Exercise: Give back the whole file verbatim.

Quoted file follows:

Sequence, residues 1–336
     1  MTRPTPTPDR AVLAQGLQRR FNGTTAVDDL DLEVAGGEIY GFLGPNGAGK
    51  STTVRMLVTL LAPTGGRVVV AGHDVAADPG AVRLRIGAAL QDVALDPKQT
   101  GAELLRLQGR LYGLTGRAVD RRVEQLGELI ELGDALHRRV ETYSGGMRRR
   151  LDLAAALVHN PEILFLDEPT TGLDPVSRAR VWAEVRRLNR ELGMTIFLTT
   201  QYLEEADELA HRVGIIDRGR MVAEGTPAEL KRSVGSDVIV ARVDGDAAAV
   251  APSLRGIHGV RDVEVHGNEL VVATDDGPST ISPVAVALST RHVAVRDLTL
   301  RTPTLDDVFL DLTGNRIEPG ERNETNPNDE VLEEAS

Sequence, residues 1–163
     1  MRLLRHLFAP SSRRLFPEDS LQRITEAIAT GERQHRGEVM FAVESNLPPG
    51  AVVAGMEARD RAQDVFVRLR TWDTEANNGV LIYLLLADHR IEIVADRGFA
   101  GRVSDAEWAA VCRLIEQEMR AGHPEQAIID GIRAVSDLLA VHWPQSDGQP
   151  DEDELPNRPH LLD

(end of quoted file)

Sequence, residues 1–336
     1  MTRPTPTPDR AVLAQGLQRR FNGTTAVDDL DLEVAGGEIY GFLGPNGAGK
    51  STTVRMLVTL LAPTGGRVVV AGHDVAADPG AVRLRIGAAL QDVALDPKQT
   101  GAELLRLQGR LYGLTGRAVD RRVEQLGELI ELGDALHRRV ETYSGGMRRR
   151  LDLAAALVHN PEILFLDEPT TGLDPVSRAR VWAEVRRLNR ELGMTIFLTT
   201  QYLEEADELA HRVGIIDRGR MVAEGTPAEL KRSVGSDVIV ARVDGDAAAV
   251  APSLRGIHGV RDVEVHGNEL VVATDDGPST ISPVAVALST RHVAVRDLTL
   301  RTPTLDDVFL DLTGNRIEPG ERNETNPNDE VLEEAS

Sequence, residues 1–163
     1  MRLLRHLFAP SSRRLFPEDS LQRITEAIAT GERQHRGEVM FAVESNLPPG
    51  AVVAGMEARD RAQDVFVRLR TWDTEANNGV LIYLLLADHR IEIVADRGFA
   101  GRVSDAEWAA VCRLIEQEMR AGHPEQAIID GIRAVSDLLA VHWPQSDGQP
   151  DEDELPNRPH LLD